FOR WANT of a nail, the shoe is lost. So begins an old refrain, which may be of consolation to former representative Toby Moffett of Connecticut as he contemplates his loss at last week's Democratic state convention.
Connecticut nominates its candidates for statewide office at party conventions, but a losing candidate who gets 20 percent of the votes at a July convention can challenge the winner in a September primary. Gov. William O'Neill, after five years in office, presiding over a state with a defense contract boom and one of the nation's lowest unemployment records, entered the convention with a solid majority. Still, Mr. Moffett hoped he could get the magic 20 percent: 270 votes out of 1,098. He got 250 instead.
This was not a remarkable result: an incumbent winning renomination in a prosperous state. But it was an especially vivid illustration of the old maxim that every vote counts. Mr. Moffett's supporters, brandishing walkie-talkies and resplendent in their red shirts, prowled the aisles looking for the 20 votes they needed to switch. They couldn't find them. The delegates had been elected in primaries in Connecticut's cities and towns on slates pledged to each of the candidates. Some of those results were close indeed. Most agonizing for Mr. Moffett must have been his defeat in Waterbury May 20. There 12,083 Democrats voted, and by a 43-vote margin gave Mr. O'Neill all of the city's 49 delegates.ju Mr. Moffett tried to get a court to overturnju the result -- that would have put him on the September ballot. But the court said he hadn't challenged the result within the time limit set by state law.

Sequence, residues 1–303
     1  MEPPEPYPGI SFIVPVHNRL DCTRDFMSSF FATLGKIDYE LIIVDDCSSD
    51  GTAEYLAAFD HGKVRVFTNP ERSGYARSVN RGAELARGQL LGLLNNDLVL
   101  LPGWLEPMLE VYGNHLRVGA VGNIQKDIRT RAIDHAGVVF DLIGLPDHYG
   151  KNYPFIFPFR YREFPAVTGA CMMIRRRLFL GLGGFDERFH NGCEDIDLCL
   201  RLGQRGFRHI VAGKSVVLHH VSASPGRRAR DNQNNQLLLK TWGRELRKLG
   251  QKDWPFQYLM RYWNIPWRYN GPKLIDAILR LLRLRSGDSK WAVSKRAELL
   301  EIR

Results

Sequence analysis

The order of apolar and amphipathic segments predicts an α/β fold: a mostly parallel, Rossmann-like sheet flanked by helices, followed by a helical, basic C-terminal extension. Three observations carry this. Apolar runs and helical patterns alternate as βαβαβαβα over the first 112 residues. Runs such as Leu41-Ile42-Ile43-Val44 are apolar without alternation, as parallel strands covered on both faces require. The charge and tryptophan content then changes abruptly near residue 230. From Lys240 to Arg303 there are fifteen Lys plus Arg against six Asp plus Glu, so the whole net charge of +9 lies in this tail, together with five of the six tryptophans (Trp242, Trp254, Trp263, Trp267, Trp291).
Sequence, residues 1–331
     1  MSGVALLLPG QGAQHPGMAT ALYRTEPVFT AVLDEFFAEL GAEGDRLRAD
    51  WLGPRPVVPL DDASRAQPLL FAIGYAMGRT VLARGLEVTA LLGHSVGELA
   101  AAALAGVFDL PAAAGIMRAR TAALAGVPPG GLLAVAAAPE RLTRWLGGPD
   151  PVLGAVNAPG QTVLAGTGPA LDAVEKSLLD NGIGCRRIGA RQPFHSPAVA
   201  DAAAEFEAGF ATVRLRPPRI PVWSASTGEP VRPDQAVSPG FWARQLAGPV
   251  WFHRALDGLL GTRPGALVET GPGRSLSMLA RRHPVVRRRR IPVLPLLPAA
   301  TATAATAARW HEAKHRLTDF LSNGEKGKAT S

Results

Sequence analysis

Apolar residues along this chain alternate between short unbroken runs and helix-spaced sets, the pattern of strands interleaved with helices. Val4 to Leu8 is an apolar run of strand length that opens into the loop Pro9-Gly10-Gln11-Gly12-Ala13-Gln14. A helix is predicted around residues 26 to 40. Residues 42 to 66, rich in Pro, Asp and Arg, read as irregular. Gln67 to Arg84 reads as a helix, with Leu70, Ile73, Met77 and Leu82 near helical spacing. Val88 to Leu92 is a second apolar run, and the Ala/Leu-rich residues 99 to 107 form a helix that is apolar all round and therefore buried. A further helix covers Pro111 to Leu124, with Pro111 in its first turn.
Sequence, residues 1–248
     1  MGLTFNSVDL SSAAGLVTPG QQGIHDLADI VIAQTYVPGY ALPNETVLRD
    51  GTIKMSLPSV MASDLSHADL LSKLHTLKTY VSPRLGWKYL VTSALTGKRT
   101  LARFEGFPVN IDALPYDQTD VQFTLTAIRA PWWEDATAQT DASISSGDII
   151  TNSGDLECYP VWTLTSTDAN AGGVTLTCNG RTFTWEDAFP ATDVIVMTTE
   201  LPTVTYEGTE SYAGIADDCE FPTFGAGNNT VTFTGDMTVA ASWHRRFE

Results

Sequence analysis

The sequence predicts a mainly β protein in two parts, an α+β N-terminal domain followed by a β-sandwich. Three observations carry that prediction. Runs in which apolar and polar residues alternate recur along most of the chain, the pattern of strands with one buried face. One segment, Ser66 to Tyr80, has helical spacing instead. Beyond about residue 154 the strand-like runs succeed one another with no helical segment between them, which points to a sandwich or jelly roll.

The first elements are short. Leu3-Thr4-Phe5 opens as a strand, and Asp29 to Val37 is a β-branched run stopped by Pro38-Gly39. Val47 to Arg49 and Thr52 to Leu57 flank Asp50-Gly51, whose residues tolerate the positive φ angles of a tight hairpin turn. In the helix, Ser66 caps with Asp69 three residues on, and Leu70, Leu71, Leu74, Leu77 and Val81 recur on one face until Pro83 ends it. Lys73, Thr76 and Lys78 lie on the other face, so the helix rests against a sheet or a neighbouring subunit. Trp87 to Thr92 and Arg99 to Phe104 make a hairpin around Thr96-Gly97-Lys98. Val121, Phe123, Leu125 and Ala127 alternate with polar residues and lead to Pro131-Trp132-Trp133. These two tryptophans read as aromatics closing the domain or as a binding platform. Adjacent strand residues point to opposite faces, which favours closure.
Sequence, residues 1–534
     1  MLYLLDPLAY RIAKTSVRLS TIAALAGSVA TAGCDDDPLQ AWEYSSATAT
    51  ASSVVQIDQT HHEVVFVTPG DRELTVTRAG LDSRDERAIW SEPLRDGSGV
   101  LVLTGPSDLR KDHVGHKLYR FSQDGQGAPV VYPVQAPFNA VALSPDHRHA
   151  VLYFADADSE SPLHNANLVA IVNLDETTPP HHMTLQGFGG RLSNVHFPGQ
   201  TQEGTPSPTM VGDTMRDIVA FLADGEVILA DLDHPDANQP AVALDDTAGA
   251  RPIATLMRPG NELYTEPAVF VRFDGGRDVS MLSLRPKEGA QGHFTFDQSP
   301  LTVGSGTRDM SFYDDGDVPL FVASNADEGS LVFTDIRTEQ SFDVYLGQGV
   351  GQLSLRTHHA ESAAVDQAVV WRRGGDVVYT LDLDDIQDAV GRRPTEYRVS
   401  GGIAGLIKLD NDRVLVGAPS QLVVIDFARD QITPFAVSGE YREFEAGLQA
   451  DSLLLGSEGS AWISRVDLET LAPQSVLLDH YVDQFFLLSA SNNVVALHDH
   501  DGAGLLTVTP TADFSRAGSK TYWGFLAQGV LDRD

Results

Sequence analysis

Forty-three votes! For an old political organizer and former Nader's Raider like Mr. Moffett, getting an extra 43 voters to the polls May 20 should have been easy. But he didn't do it, and so he will not get to use his skills as a statewide vote-getter -- he ran strong against Sen. Lowell Weicker in 1982 -- to get to the governor's office. You may not care much about who is governor of Connecticut or whether the Democrats there have a primary. But next time you're tempted to skip voting, just remember that 43 votes made perhaps the significant difference in determining who would be the governor of a state with 3 million people. Every vote does count.